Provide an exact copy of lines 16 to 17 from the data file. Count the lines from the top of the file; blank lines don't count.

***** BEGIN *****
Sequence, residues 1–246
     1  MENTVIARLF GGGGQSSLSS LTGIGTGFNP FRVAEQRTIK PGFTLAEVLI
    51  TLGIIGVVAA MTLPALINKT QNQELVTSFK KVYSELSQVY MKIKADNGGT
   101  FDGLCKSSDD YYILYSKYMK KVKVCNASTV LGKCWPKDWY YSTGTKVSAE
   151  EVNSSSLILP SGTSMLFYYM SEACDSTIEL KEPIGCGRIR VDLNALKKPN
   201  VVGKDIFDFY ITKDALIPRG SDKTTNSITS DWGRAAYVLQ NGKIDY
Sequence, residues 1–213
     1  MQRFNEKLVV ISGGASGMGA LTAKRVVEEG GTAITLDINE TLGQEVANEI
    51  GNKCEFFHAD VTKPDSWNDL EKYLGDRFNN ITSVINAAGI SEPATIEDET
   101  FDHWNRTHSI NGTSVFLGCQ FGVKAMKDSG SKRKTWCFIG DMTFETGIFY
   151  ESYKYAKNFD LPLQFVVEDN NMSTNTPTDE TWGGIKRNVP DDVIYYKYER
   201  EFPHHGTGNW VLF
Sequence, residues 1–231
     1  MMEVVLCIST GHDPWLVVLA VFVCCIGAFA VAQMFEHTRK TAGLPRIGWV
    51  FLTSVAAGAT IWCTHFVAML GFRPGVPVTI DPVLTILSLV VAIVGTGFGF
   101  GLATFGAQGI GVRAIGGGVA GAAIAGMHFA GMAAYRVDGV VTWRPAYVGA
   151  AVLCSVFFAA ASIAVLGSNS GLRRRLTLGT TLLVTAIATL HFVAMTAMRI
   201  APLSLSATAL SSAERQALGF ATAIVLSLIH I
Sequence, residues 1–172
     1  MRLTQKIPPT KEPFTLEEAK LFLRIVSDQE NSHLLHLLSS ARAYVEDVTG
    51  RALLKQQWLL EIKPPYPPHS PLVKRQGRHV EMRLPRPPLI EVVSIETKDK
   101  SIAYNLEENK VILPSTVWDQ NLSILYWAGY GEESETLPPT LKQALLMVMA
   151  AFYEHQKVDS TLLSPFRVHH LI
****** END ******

   101  GLATFGAQGI GVRAIGGGVA GAAIAGMHFA GMAAYRVDGV VTWRPAYVGA
   151  AVLCSVFFAA ASIAVLGSNS GLRRRLTLGT TLLVTAIATL HFVAMTAMRI